The Z channel signal happens in such a brief space distance that it cannot be seen with a simple voltmeter. The machine electronics detects the signal because it is simply waiting for a digital transition from a 0 (no signal) to a digital 1 (voltage signal Hi), which can happen in milli-seconds. At this point the machine software automatically sets the Machine Zero.

Regarding your glass scales, I suggest you read the procedure the manufacturer wrote regarding machine referencing, which should be similar to a rotary encoder system.
This procedure is basic to all commercial CNC machines.


Offline pofo

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Re: DSPMC Macro
« Reply #2 on: December 13, 2013, 06:36:37 PM »
Thanks John. That's a great write-up. I have a unique situation with the glass scales. Instead of moving the table to a limit switch, with these scales, I only have to move 1cm to find the tables absolute position. The position on the scale is encoded into the z encoder. I want to take advantage of this. I don't want to have to install limit switches.

My question is specific to the DSPMC. The macros are coded in visual basic. I expect that runs pretty slow and may not be able to keep up with the encoder pulses. I also need to know how to read the  Z input on the DSPMC. I didn't see a way to do this in the Macro user manual. I was hoping Rufi would have some answers.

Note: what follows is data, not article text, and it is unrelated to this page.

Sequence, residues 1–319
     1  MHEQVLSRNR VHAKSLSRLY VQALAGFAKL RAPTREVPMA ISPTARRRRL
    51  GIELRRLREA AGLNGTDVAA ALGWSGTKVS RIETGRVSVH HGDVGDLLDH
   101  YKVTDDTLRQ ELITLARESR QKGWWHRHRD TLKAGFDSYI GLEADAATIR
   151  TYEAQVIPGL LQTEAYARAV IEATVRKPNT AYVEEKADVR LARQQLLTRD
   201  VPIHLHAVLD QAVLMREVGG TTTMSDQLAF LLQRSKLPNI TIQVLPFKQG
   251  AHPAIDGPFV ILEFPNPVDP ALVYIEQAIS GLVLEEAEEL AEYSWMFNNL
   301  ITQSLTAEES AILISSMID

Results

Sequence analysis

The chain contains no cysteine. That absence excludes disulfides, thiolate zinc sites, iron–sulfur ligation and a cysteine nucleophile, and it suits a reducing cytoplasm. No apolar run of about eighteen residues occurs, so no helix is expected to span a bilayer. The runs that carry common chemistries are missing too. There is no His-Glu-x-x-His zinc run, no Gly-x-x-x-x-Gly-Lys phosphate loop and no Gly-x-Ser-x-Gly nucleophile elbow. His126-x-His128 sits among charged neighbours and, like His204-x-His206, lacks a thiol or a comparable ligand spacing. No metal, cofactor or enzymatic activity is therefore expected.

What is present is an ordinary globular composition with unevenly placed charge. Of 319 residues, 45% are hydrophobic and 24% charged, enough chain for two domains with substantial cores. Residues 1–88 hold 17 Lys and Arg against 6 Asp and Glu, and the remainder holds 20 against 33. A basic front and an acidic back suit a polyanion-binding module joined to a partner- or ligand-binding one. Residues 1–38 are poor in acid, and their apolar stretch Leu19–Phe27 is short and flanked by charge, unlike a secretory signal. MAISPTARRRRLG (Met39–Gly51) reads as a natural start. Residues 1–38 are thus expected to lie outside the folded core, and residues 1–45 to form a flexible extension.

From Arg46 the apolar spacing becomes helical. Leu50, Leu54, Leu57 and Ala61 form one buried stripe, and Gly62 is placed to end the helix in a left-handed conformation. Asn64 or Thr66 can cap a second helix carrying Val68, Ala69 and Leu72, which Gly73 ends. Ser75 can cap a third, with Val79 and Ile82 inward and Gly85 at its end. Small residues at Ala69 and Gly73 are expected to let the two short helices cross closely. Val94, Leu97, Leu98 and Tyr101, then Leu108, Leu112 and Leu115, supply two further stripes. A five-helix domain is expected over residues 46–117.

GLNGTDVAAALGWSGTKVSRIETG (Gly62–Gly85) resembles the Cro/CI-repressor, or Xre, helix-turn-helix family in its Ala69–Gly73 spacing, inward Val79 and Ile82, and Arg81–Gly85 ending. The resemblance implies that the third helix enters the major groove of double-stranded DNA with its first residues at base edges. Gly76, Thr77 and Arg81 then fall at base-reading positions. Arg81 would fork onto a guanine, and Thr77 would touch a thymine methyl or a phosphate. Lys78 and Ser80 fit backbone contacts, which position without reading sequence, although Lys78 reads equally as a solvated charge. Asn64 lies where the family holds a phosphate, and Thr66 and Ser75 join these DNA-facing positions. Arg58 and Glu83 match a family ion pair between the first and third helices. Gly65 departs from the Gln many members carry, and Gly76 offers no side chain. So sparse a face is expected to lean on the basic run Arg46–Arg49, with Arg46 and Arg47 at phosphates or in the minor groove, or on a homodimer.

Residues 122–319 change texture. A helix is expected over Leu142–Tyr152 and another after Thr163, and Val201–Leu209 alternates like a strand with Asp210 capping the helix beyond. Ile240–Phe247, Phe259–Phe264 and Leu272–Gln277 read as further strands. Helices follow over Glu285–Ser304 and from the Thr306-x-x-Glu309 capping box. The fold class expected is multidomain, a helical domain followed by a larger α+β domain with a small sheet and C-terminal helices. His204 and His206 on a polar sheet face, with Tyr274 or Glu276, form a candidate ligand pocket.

Re: DSPMC Macro
« Reply #3 on: December 13, 2013, 09:35:07 PM »
Anilam should have the technical info you need, with an explanation of the sequence involved. I am sure the scales had a specific software routine for setting machine Ref Zero point, which certainly is not like the basic sub-routine in the dspmc controller software.

As I understand macro's and/or ModBus, neither is fast enough to accurately place the Z channel location after it goes Hi.
There is something missing in this equation.

The two marks must be made to work in sync, for placing the axis Ref point. There is a reason the two marks are 10cm apart.
I have a dspmc controller, and use the CNC mill original ref switch, and the encoder Z channel to set the "Machine Zero" point. This is on a 1985 commercial CNC machine I retrofitted a few years ago after the original controller went bellly up. The original machine method for setting "Machine Home" is exactly as it is done today. No macro's involved.

Also, the Ref micro switch is not a limit switch. My machines have 3 micro switches per axis; the Ref micro switch trips slightly before the limit switch for that axis is reached. Once the Ref switch has set "Ref axis" cycle in motion, it does not trigger again, unless you re-run the Ref cycle for that axis. The limit switches are almost never tripped, unless you forcibly jog into them, due to settings in "Homing and Limits."

It could be, the 2 Anilam "Z" channels 10cm apart are made to work in sync, with the first one tripped being a signal to slow the machine, and approach the second Z channel as one being the Ref "Machine Zero" point. This would allow a faster speed in the Ref cycle, without overshooting the target Z channel. Then all the machine limit parameters could be written into a table, based on machine axis travel.

Some set-ups use one of the Limit switches as a Ref switch, but that is not as accurate for repeat-ability. A lot of Mach3 users do not have encoders, or need them for the kind of work they do.

Maybe another forum member with the same setup using glass scales will have the answer. I am just making an educated guess.